On the other hand, you can go overboard and list too many risks. This is easy to do once you get going and start brainstorming about airplanes crashing into your office (okay, maybe I’m going overboard now!). I suggest that you should stick to risks that have a 5-10% (1 in 20-ish) chance of happening. If it’s lower than that, you might have too big of a list.
Identifying risks to a project’s success is a great first step that would benefit most projects that I’ve seen. But to create a strong risk management plan those risks must be analyzed and prioritized to determine which require the project manager’s time and attention, how often, and what resources are required.
Stakeholders can be pretty sensitive to issues the project manager considers minor. Some stakeholders seem to demand excessive communication requirements. Prioritizing risks ensures that stakeholders recognize the importance placed on their areas of concern which goes a long ways toward placating them.
Since risk has two components, probability and impact, each one should be prioritized. The scale is not important, but it is often 1-10, low-medium-high, or a similar scale.
If your risk register is a table with the risks listed vertically (in rows), you would add two columns labelled probability and impact. Each risk gets a ranking of 1-10, or whatever scale you choose.
After the initial ranking, an overall prioritization is often helpful to stakeholders. You would multiply the probability and impact to get a risk level, and then sort the table from highest to lowest. Clearly you will be able to see which risks to focus your attention on.
Even better, the risk register, together with its prioritizations, can be shared with stakeholders which will put each of their issues into perspective, keeping the stakeholders in line when problems arise.
After a risk occurs, it becomes an issue. Issues require a response from the project manager or some other project member.
In order to quickly and decisively know when a risk becomes an issue, each risk should have an identifying risk trigger. This is an important part of risk analysis and it allows for effective monitoring to quickly recognize when a risk has occurred and take mitigative action.
Throughout the project, risks change in importance. Many will become obsolete at various stages of the project. Because of this, the risk register is an evolving document. It must be monitored and updated on a regular basis.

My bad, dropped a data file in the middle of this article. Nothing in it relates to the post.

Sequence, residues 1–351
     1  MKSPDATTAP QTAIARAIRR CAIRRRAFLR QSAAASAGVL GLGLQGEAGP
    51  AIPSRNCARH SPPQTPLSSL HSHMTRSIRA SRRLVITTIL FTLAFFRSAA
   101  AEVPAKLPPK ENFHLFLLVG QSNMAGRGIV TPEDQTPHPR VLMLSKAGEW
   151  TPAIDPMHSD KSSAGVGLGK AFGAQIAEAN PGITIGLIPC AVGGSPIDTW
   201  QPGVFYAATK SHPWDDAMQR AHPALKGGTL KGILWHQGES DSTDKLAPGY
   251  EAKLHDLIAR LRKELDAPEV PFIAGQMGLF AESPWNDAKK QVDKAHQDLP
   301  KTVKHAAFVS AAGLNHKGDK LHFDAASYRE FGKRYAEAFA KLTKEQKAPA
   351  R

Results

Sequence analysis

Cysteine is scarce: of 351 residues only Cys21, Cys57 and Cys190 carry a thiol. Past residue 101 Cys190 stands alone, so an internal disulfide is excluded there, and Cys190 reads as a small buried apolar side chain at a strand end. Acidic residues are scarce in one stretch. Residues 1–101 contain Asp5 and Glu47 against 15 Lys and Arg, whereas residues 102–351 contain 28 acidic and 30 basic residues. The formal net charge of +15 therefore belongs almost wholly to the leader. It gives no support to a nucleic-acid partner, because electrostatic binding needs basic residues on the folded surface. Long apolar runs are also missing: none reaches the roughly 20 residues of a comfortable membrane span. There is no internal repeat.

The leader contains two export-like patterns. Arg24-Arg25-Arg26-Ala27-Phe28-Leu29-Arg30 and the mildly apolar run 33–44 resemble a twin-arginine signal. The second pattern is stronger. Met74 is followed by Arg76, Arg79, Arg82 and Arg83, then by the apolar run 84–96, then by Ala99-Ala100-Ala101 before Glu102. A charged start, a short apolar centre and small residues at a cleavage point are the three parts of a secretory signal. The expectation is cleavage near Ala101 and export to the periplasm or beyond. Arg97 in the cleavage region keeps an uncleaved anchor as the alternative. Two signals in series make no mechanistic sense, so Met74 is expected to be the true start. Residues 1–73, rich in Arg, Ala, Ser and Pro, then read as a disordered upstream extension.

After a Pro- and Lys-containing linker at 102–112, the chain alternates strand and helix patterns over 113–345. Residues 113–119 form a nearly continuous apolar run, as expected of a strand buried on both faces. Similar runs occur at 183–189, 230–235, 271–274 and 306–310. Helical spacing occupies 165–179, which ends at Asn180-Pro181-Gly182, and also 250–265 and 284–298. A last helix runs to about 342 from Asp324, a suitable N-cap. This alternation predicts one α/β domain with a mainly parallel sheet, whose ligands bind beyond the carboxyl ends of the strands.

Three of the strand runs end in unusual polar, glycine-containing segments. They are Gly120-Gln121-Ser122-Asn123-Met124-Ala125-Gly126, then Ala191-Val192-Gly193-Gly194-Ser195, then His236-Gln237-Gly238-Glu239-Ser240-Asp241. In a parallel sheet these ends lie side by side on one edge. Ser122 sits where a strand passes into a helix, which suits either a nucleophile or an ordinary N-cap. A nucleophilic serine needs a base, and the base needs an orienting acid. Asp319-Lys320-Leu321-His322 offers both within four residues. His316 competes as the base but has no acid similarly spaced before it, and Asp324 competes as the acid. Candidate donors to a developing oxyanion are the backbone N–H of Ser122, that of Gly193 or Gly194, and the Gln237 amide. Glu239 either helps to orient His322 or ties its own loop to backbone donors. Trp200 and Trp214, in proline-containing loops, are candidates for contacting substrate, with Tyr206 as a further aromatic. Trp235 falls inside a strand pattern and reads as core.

Identifying risk triggers allows you to make sure you are looking for the right factors which, if they occur at any regular monitoring/control point, allow you to change a risk’s status to an issue and take the appropriate action.
Taking early action is often one of the easiest way to mitigate an issue. I’ve seen many project issues which were probably much worse than they appeared to be, but quick action by the project manager or a team member gave the affected stakeholder an impression of being on top of the issue, which smoothed it over. This is a recurring theme for me in my project management career, and thus I would consider it one of the biggest single factors for project success.
Determine Action Plans
The final piece of information that completes the risk register is an action plan. Triggers allow you to quickly identify when a risk has occurred (or is occurring). The action plan is the response. It is an appropriately thought out action plan to ensure you’re not flying off the seat of your pants when a risk occurs.
Notice that I said it must be an appropriate level of detail. For major risks a good action plan is necessary in advance and could warrant its own write up. For medium risks a small action plan could be placed within the risk register, and for small risks there could be no action plan at all. It isn’t a necessity for all risks, but it is important to have one for the most important ones.